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Contact:

Thomas D. O'Rourke head shot

School of Civil and Environmental Engineering

Cornell University

Ithaca, NY

607-255-6470

 


Second U.S.-Japan Workshop on Liquefaction, Large Ground Deformation and Their Effects on Lifeline Facilities

Cooperative research between U.S. and Japanese earthquake engineers has resulted in significant new findings about the ways in which large ground deformations are caused by soil liquefaction, their influence on lifelines, and the most effective means of modeling and protecting both soils and structures in the event of future earthquakes. U.S. and Japanese researchers met in Buffalo and Ithaca, NY on September 26-29, 1989 to participate in the Second U.S.-Japan Workshop on Liquefaction, Large Ground Deformation, and Their Effects on Lifeline Facilities. The new developments presented and discussed at the workshop included the use of aerial photographs before and after major earthquakes to map ground displacements by photogrammetric techniques, the effects of large ground movements on water supply pipelines and fire following earthquakes, lateral movement effects and damage to pile foundations, and the most suitable modeling methods for large ground deformation and buried lifeline response.

The workshop was the second in a series of international meetings in a collaborative research program sponsored by NCEER and the Association for the Development of Earthquake Prediction (ADEP), Tokyo, Japan. The workshop was organized by Professor T. O’Rourke of Cornell University and Professor M. Hamada of Tokai University. Presiding over the workshop were M. Shinozuka, Professor of Princeton University and Executive Committee Member of NCEER, and K. Kubo, Professor Emeritus of the University of Tokyo and Director of ADEP. The focus of the workshop and collaborative research is on lifelines and permanent ground deformations, with emphasis on liquefaction-induced soil movements.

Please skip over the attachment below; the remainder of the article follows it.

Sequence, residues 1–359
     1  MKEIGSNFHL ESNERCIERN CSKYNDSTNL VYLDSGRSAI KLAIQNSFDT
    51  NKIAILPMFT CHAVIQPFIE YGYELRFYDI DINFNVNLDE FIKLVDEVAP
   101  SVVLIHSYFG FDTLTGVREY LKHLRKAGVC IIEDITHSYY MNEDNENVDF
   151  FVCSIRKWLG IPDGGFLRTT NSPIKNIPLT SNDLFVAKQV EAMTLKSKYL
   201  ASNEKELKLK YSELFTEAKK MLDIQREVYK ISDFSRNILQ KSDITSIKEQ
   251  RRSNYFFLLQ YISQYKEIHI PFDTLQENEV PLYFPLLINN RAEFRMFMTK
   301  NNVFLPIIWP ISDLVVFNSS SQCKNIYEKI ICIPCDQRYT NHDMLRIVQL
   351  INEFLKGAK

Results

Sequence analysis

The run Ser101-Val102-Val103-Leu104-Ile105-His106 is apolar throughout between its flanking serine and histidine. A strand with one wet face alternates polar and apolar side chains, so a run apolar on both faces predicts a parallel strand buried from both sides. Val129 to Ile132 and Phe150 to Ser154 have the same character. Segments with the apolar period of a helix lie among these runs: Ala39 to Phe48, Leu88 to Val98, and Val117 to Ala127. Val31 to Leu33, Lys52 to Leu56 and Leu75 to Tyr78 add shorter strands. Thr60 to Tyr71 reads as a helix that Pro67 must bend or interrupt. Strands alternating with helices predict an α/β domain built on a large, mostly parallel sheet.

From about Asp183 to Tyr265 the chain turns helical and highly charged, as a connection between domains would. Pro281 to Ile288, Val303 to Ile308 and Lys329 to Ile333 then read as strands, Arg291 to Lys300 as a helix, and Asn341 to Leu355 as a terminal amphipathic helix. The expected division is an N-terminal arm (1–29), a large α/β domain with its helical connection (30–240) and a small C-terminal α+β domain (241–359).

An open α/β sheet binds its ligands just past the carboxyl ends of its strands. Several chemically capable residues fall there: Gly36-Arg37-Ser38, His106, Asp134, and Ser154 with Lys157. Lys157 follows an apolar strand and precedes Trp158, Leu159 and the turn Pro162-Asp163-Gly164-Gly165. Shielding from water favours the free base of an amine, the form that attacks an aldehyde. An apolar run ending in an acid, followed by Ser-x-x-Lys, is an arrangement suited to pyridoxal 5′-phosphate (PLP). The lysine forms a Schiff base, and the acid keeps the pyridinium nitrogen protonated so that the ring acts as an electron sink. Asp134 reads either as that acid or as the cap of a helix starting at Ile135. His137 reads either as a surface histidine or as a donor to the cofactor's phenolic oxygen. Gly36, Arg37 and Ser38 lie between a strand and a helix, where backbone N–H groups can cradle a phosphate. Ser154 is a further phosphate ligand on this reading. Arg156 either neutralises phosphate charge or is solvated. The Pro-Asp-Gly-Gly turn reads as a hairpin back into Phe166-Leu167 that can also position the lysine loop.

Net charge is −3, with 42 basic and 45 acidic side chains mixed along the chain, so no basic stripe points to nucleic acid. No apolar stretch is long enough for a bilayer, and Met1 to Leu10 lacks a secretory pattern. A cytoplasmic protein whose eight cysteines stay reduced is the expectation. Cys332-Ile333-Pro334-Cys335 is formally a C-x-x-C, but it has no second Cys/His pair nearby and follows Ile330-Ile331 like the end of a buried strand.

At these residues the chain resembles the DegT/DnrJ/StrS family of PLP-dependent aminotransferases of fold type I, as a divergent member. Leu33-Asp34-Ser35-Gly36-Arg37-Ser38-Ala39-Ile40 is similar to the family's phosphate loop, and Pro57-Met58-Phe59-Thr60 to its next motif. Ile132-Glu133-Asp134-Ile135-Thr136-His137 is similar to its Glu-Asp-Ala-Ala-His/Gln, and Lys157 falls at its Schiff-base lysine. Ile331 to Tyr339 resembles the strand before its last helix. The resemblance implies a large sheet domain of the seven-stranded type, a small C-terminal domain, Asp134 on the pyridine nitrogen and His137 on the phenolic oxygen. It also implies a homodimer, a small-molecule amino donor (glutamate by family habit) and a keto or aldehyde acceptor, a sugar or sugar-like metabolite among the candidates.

The first two days of the workshop involved technical presentations and group discussions in eight sessions covering case studies of previous earthquakes; analytical and physical modeling of liquefaction, large ground deformation effects on pipelines, pile foundations, and waterfront facilities; and the assessment of damage potential and earthquake countermeasures for lifelines. The second two days involved meetings to develop a technical summary and recommendations for improved engineering related to lifelines and earthquake-induced ground deformation. The workshop participants were divided into four groups to prepare an overview of case history information and recommendations for modeling ground displacements, earthquake resistant design, and earthquake countermeasures.

During the fourth day of the workshop, a ceremony was held at Cornell University to dedicate the Takeo Mogami Geotechnical Laboratory. Mogami, a professor emeritus at Tokyo University when he died in 1987, was a pioneer in geotechnical engineering and soil mechanics in Japan. Mogami’s widow, Yukiko, granddaughter, and personal friend, Mr. Ping Hsu, took part in the ceremony.

Special invited lectures were given by Kenji Ishihara, Professor of Civil Engineering at the University of Tokyo, entitled “Liquefaction-Induced Flow Failure of Slopes and Embankements,” and by I.M. Idriss, Professor of Civil Engineering, at the University of California at Davis, entitled “Risk Assessment Incorporating Large Ground Displacements Due to Earthquakes.” Thirty-three presentations were made by workshop participants. The papers presented at the workshop and technical summaries of the special working groups were published in the Proceedings.